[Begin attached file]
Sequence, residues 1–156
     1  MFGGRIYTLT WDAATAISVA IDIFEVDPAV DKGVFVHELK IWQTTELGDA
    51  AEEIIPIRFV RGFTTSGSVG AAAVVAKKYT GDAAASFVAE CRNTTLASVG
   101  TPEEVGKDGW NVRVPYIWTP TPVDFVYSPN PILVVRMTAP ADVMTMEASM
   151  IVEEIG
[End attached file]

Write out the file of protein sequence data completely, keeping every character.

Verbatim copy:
Sequence, residues 1–156
     1  MFGGRIYTLT WDAATAISVA IDIFEVDPAV DKGVFVHELK IWQTTELGDA
    51  AEEIIPIRFV RGFTTSGSVG AAAVVAKKYT GDAAASFVAE CRNTTLASVG
   101  TPEEVGKDGW NVRVPYIWTP TPVDFVYSPN PILVVRMTAP ADVMTMEASM
   151  IVEEIG